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REVIEW: John Prine – ‘For Better, Or Worse’



johnprinealbumart_sq-3c6c6883073eb70de3506b8ee621582c0427e4d8-s300-c85If you take a quick glance at the Billboard Country albums chart for the second week of October you won’t be surprised to see Jason Aldean and Florida Georgia Line occupying 2 of the top 3 positions. However, debuting at number 2 is the new album from 70-year-old John Prine, the highest charting debut of his career. This is even more surprising when taking into account that this is Prine’s 24th release and that it was released without great fanfare or a huge promotion budget.

Whilst he has always been a prolific recording artist, his reputation as a songwriter and a thoroughly good guy in the Nashville circles appears now to be universally recognised. This is the second occasion that he has recorded an album of duets with female singers. It’s a follow up to his acclaimed ‘In Spite Of Ourselves’ album which came out in 1999 but didn’t reach the listeners that this new project has to date. It was moderately successful but we guess that his new legion of fans will now be checking it out.

It’s mildly ironic that a legendary songwriter has his biggest hit with an album of covers. We guess that a songwriter certainly knows how to select good songs. He has certainly had the opportunity to attract some of the best female vocal talent available. Only two of the female singers from Prine’s previous duets album are repeated here, his wife Fiona and Iris DeMent who shares vocals on the opening track ‘Who’s Gonna Take The Garbage Out’. Guest vocalists include Kacey Musgraves, Miranda Lambert, Lee Ann Womack, Alison Krauss, Morgane Stapleton and Kathy Mattea.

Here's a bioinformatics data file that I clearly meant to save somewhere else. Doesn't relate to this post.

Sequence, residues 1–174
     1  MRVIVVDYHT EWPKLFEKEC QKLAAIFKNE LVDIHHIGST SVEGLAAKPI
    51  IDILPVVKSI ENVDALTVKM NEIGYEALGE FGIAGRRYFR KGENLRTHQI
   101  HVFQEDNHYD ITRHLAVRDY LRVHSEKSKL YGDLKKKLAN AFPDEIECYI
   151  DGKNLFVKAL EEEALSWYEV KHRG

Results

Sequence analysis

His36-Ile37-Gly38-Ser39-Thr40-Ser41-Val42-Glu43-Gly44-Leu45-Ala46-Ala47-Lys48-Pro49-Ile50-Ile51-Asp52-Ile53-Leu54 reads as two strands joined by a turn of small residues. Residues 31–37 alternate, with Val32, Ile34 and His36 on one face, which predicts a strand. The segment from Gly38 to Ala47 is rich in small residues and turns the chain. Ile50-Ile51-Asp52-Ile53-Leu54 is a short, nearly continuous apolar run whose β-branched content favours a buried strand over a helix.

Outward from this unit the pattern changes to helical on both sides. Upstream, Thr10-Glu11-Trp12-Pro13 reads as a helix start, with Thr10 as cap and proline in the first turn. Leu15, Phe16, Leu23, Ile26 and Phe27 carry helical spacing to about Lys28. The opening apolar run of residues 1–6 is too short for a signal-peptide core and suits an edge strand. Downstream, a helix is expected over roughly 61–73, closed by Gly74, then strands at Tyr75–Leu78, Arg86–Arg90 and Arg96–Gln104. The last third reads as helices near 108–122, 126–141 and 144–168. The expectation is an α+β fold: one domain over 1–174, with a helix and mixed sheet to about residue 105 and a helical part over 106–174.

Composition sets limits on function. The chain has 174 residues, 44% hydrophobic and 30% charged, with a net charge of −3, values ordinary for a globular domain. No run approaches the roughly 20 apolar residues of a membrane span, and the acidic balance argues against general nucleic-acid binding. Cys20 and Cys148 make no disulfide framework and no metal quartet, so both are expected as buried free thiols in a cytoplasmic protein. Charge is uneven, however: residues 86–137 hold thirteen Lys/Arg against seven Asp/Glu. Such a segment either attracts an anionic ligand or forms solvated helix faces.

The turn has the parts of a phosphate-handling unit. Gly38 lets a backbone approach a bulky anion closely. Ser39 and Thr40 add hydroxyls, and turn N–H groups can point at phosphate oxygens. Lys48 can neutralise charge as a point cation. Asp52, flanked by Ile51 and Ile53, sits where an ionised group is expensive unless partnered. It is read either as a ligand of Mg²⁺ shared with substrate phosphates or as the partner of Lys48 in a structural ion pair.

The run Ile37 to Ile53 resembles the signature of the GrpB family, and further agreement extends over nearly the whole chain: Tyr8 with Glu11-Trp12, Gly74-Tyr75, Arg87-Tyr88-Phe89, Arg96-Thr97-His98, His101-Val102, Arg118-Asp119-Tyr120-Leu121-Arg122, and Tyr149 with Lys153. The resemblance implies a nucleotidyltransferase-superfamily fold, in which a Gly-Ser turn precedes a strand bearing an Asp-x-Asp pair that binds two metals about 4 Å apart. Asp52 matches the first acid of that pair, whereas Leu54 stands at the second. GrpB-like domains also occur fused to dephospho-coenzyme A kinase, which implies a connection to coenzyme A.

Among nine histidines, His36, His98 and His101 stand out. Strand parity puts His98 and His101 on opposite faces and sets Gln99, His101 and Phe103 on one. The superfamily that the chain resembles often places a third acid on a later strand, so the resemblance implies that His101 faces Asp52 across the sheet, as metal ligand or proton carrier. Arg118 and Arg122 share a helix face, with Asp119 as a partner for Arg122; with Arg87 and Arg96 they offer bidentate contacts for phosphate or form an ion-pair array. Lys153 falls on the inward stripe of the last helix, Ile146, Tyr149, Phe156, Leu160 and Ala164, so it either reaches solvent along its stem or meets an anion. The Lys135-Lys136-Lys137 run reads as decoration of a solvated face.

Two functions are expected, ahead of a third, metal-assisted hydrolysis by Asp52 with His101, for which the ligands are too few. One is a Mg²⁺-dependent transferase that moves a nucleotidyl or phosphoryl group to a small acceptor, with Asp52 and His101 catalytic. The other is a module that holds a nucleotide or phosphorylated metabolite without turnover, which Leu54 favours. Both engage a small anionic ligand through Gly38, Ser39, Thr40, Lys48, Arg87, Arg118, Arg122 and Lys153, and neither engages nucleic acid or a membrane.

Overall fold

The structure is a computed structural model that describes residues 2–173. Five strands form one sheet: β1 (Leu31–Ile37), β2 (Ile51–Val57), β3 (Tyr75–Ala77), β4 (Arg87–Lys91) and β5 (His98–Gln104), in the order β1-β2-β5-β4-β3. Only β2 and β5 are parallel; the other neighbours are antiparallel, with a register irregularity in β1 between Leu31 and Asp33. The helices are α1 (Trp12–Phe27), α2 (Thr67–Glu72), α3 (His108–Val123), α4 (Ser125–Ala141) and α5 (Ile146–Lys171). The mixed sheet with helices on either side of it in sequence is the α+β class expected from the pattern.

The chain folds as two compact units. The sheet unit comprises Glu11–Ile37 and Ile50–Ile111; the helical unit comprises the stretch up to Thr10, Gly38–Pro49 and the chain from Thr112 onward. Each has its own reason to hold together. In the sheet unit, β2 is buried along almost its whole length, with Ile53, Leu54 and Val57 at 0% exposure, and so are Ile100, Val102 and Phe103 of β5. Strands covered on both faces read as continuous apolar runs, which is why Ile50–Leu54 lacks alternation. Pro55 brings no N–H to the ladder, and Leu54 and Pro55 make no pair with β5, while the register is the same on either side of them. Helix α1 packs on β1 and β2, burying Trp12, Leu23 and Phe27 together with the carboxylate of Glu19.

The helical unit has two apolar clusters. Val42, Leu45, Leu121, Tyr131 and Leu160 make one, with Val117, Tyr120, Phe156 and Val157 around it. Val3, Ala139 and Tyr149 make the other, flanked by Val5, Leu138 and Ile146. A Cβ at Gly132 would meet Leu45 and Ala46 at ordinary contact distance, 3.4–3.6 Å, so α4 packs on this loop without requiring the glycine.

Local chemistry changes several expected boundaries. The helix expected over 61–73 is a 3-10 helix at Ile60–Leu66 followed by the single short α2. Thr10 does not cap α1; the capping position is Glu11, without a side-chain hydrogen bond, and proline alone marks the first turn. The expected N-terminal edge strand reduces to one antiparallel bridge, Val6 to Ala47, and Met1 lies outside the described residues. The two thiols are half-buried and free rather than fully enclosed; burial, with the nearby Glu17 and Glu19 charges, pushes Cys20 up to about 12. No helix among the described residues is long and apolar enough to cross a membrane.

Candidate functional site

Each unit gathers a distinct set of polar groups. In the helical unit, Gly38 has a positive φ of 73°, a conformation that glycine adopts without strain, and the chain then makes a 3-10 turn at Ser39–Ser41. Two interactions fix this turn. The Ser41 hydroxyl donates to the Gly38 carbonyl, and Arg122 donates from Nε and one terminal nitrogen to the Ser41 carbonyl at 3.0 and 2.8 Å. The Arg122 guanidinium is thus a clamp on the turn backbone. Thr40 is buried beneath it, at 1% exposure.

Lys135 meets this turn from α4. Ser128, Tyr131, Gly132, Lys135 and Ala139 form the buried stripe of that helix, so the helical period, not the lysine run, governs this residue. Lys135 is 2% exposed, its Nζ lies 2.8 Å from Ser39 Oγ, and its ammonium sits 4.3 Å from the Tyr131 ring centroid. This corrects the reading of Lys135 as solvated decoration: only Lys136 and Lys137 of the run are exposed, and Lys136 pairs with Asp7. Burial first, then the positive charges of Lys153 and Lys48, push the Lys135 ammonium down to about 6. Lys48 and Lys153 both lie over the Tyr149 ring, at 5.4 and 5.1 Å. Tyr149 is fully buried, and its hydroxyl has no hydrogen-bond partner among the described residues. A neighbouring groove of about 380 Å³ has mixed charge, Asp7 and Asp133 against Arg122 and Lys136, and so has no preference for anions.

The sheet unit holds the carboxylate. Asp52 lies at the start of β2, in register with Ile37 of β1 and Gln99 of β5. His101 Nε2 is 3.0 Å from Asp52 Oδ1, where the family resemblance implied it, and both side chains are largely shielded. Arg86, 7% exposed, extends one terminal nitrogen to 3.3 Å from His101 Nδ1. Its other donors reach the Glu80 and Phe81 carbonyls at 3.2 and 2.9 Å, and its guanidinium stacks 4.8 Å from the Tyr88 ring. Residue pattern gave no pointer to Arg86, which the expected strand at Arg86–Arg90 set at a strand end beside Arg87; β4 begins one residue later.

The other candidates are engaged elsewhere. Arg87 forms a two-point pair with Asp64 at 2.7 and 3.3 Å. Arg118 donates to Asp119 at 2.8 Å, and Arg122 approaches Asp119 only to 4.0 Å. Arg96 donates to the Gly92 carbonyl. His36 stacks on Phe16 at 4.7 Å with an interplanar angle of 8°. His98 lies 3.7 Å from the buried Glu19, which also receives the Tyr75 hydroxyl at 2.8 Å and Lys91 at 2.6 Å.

Many will be familiar with the choice of songs on offer. ‘My Happiness’ is the standard that Elvis recorded in his first studio session and was almost taken to number 1 by Connie Francis in 1958 when singles sold in their millions. Prine appropriately performs his version with wife Fiona. He wouldn’t be winning awards for the technical quality of his vocals. The chairs probably wouldn’t turn on ‘The Voice’ but that doesn’t matter. Let’s rejoice that Prine has survived two bouts of cancer and is still having huge commercial success late on his career. It has the deliberately crafted homespun family feel that allows the lyrics to work their emotive magic.

Another song that is actually older than Prine is ‘Falling In Love Again’ which is best associated with Marlene Dietrich. Prine covers this song with Alison Krauss. Again the production is very understated, relying upon the gently strumming acoustic guitars and slides but never distracting from the vocals.

The duets with Miranda Lambert and Kacey Musgraves will inevitably attract most attention and may have raised the profile of the album simply due to the clout that they have in the current Nashville scene. Miranda contributes on Hank Williams’ ‘Cold, Cold Heart’. Prine remains faithful to the original country version rather than the Tony Bennett version that topped the charts in 1951. Kacey’s contribution is on the song that is probably best associated with Buck Owens and Rose Maddox, ‘Mental Cruelty’. She considers herself part of John Prine’s “family” and one of his adopted musical daughters so we guess the invitation to duet on his album became a labour of love.

One of Kacey’s first ever songs was a tribute to John Prine which is indicative of the love that his peers have for him in the capital of country music. John Prine’s vocal style is almost conversational. He makes it all sound so damned easy which is the trait that is most associated with someone who knows his craft. He never overshadows his guests’ and the listeners’ joy at discovering the range and diversity of the female vocal talents on display.

One gets the impression that an invitation to sing with John Prine isn’t likely to be refused. It’s an album that would be greatly enhanced by an accompanying DVD. There is a lot of love for Prine and it’s great that an artist with his staying power appears now to be getting his well deserved recognition.

The good news is that Prine is returning to the UK next year. Three dates have been arranged so far.

April 21st  2017   Palladium  London

April 23rd 2017   Glasgow Royal Concert Hall

April 24th 2017    The Bridgewater Hall  Manchester

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